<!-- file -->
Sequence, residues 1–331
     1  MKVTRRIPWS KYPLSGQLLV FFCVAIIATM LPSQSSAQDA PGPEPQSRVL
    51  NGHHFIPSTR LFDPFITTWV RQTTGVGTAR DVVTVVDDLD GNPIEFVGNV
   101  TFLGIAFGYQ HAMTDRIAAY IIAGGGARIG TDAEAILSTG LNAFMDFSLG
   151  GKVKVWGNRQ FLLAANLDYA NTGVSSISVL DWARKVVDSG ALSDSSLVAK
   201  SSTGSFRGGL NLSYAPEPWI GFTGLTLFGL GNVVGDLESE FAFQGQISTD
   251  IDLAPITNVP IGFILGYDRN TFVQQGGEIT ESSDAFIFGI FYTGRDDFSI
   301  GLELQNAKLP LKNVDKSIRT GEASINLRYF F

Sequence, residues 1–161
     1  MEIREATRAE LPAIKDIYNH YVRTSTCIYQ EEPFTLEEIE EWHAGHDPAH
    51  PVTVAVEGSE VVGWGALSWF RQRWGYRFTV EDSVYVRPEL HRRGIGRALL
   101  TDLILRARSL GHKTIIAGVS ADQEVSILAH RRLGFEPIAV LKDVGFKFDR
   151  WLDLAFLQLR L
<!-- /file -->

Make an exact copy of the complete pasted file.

Sequence, residues 1–331
     1  MKVTRRIPWS KYPLSGQLLV FFCVAIIATM LPSQSSAQDA PGPEPQSRVL
    51  NGHHFIPSTR LFDPFITTWV RQTTGVGTAR DVVTVVDDLD GNPIEFVGNV
   101  TFLGIAFGYQ HAMTDRIAAY IIAGGGARIG TDAEAILSTG LNAFMDFSLG
   151  GKVKVWGNRQ FLLAANLDYA NTGVSSISVL DWARKVVDSG ALSDSSLVAK
   201  SSTGSFRGGL NLSYAPEPWI GFTGLTLFGL GNVVGDLESE FAFQGQISTD
   251  IDLAPITNVP IGFILGYDRN TFVQQGGEIT ESSDAFIFGI FYTGRDDFSI
   301  GLELQNAKLP LKNVDKSIRT GEASINLRYF F

Sequence, residues 1–161
     1  MEIREATRAE LPAIKDIYNH YVRTSTCIYQ EEPFTLEEIE EWHAGHDPAH
    51  PVTVAVEGSE VVGWGALSWF RQRWGYRFTV EDSVYVRPEL HRRGIGRALL
   101  TDLILRARSL GHKTIIAGVS ADQEVSILAH RRLGFEPIAV LKDVGFKFDR
   151  WLDLAFLQLR L